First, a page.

I'm guessing the fireplace in the sergeant's room doesn't get much use, or Diego would have looked pretty bad when the sergeant opened the door for him. Unless that's why he delayed coming out, last-second soot removal. I chuckled at Diego hinting strongly to the sergeant he should lock Diego up, then having to play along with the sergeant's attempt at deception. 'I had one of the walls whitewashed! Oh, well in that case. . .'

Pretty impressive of Garcia to knock a door clean off its hinges, while tied to a chair.

That brings us to the end of my Zorro reviews. I think Monastario might still be my favorite recurring villain, but I enjoyed how long they were willing to wait before actually bringing the Eagle into the picture himself during that story. And the second season allowed for a lot of different characters, some of which maybe wouldn't have been great as long-term additions, but for a single, short arc, worked quite well. Uncle Estevan and Ricardo, the practical joker, spring to mind. Having Alejandro reveal he knew Diego was Zorro maybe didn't change things overtly as much as I thought it would, but it did seem to contribute to a gradual crumbling of the barriers between Diego and Zorro. It never fell all the way apart, but it was an interesting undercurrent in the second season.

Next week, we move to a series set somewhat closer to the present, but in a different part of the world. I kind of miscalculated when this would wrap up, so I didn't have any of my other TV series DVDs handy (I had been planning to do either Newsradio or Avatar: The Last Airbender). So instead, something I borrowed from my dad.


Anonymous said...

The third season was short (4 double-lenght episodes) but I think it was quite good. Too bad they didn't create a full season 3.

Second time in this short season that someone discover Zorro's identity, and second time we discover a new secret passage (when he spies Ramon and Marcos), though I think it's a trick: Bernardo's eye is shot from the sala entrance, and the interior is probably the library entrance shot from an unusual direction. As for the new door, it may have been there in 2x35.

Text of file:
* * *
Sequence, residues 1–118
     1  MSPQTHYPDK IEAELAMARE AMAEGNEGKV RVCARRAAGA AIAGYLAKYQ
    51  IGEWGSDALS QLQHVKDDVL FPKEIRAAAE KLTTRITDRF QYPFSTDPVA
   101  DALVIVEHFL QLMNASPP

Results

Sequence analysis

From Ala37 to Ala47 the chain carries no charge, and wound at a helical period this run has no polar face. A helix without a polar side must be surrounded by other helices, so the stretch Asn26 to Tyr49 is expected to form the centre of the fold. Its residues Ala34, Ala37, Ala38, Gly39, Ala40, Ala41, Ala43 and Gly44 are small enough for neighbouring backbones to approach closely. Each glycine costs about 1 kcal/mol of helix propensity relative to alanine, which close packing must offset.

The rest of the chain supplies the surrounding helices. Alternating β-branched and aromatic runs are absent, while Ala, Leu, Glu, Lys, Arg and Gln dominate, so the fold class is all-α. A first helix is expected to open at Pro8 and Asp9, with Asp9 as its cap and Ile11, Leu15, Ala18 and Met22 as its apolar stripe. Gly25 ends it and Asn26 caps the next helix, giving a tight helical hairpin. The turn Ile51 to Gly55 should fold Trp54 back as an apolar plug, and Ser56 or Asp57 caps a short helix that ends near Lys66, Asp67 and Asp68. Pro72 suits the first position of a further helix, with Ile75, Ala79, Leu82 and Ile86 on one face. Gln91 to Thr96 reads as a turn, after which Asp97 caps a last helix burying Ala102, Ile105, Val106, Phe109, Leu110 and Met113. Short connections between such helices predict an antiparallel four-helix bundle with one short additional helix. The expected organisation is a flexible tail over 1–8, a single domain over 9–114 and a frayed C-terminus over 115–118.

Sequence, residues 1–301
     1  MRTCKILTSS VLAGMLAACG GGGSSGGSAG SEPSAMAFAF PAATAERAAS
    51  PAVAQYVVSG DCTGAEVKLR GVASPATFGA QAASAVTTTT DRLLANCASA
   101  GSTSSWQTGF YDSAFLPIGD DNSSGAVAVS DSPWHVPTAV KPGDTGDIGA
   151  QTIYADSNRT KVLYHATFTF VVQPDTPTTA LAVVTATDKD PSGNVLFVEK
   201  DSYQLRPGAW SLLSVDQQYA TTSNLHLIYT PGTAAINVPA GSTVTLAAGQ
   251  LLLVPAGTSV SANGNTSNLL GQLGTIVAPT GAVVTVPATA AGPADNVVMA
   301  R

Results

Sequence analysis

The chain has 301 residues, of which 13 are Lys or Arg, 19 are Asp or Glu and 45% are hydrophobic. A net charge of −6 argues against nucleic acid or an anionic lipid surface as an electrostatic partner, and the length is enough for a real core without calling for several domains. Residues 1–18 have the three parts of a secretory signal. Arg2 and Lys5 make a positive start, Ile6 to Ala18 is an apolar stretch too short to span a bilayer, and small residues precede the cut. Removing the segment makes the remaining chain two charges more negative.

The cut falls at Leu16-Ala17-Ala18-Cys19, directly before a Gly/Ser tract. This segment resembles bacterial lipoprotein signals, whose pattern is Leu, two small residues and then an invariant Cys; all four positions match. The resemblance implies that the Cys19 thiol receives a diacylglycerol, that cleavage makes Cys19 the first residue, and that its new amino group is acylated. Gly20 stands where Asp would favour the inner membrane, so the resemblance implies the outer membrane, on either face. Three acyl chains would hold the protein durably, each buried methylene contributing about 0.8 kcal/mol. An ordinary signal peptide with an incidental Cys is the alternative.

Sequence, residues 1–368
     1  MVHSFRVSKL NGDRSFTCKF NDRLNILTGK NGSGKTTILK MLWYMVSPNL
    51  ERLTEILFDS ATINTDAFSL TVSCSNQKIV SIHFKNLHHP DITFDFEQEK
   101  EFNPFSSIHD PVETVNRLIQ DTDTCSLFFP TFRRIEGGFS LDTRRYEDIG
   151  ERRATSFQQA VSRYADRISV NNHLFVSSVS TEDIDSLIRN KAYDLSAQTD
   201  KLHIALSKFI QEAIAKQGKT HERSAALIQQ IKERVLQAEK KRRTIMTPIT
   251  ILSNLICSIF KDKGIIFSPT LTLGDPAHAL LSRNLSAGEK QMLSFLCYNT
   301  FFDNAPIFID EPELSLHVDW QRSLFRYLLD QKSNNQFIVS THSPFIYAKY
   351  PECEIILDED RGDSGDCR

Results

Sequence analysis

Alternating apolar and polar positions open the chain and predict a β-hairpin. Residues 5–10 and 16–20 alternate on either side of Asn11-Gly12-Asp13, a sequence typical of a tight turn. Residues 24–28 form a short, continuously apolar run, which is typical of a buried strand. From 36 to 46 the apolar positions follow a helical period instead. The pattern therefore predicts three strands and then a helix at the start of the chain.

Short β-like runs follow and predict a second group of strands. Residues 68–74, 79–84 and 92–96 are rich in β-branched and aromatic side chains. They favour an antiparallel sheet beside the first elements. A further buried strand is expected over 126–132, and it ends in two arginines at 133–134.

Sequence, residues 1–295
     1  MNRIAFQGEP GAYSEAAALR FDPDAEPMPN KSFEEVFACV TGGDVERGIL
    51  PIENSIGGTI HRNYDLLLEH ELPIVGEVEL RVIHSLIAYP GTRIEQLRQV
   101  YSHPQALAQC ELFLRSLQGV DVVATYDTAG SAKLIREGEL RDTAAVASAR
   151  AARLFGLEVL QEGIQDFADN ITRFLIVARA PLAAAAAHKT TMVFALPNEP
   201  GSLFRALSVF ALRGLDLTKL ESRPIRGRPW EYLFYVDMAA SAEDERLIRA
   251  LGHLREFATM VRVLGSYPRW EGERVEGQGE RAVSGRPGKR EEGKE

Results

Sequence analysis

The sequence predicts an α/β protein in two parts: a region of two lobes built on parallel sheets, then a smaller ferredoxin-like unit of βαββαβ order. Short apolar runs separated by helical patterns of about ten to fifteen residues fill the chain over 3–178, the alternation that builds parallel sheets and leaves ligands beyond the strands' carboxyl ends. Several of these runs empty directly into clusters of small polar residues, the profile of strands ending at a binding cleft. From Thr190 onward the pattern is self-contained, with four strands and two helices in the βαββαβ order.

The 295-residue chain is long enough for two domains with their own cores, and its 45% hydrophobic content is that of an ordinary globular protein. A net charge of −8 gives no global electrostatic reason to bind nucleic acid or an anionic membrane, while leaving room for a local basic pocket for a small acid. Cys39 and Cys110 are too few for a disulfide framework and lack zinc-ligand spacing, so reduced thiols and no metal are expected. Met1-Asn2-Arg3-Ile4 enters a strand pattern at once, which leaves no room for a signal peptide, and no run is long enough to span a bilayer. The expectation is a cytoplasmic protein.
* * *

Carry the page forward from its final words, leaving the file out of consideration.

Ricardo Montalban will play Captain Esteban in the 1974 tv movie "The Mark of Zorro".

I wonder why Isabella is worried for Diego where he and Ramon are fencing: a fencing exercise is not a duel, and even if he's disarmed within five second this is not going to hurt him.

The "whip on the chandelier" stunt is great, and it's only the second stunt (athe first one being 2x17) with a rope used like Spiderman's web. Whip stunt are done more often in recent Zorro production, while this shows prefers rope stunts and chandelier stunts that don't involve whips.

I wonder why Ramon thinks Diego is not in that room: Garcia says he was locked there, Ramon knows he somehow escaped, so he should have guessed he also had a way to come back there. Garcia winning money and saying "Ole" is a great ending scene for the show, even though it was not intended as such.

The quote of the episode has an "as well" that was never said, and later bolas is spelled as "bolos" (plus, only one brother used bolas).

Tornado vaulting the downed tree is from episode 1x10, but the scene is not reversed; the shot of Zorro climbing in a window from Tornado's back was used in 1x26 and 2x29 (continuity problem, since Garcia later says the window is barred). And speaking of stock footage, the use of a roof scene from 2x06 creates another continuity mistake, as Los Angeles soldiers don't wear white armbands.

Will you revew the two Zorro movies made by putting together the Monastario episodes and the Eagle episodes? They are basically identical to the episodes, but there are also a few new scenes, some uncut scenes, and an interesting montage. At any rate, I'll miss your reviews.

Anonymous said...

Oh, and when Bernardo spies Ramon and Marcos there are two shots of him but, for some reason, the first one has a wooden beam connecting the opposite walls, while the beam is not there in the second shot.

CalvinPitt said...

Maybe it was easier to set up stunts with the chandeliers and ropes back then, compared to the whip.

I was sticking to what was in the Zorro DVDs I had with my reviews, which don't include either of those films, but I can't rule out doing one or both of them at some point down the line.

I want to say thanks for your comments and insights throughout this series. Feedback is always nice, but you've added a lot to my rewatching this with the things you've noticed and the knowledge you've brought to the discussion.

Anonymous said...

Yes, maybe it was easier to do chandelier/rope stunts, or maybe it's because whip stunts can look less realistic: in recent movies they are filmed in several pieces and these scenes are then put together, while this shows prefer stunts that can be filmed in a single shot.

"the used footage of him climbing in a window from Tornado's back": I forgot to mention it, but I think "the" is a typo for "they".

I get your point for nor reviewing the films, tough it would be great if for some reason you end up doing them someday. We'll wait and see (I saw the second movie on tv, while I can't see the first one because the Youtube video is blocked outside Usa).

An it was a pleasure to add my comments to your reviews, I'll really miss that.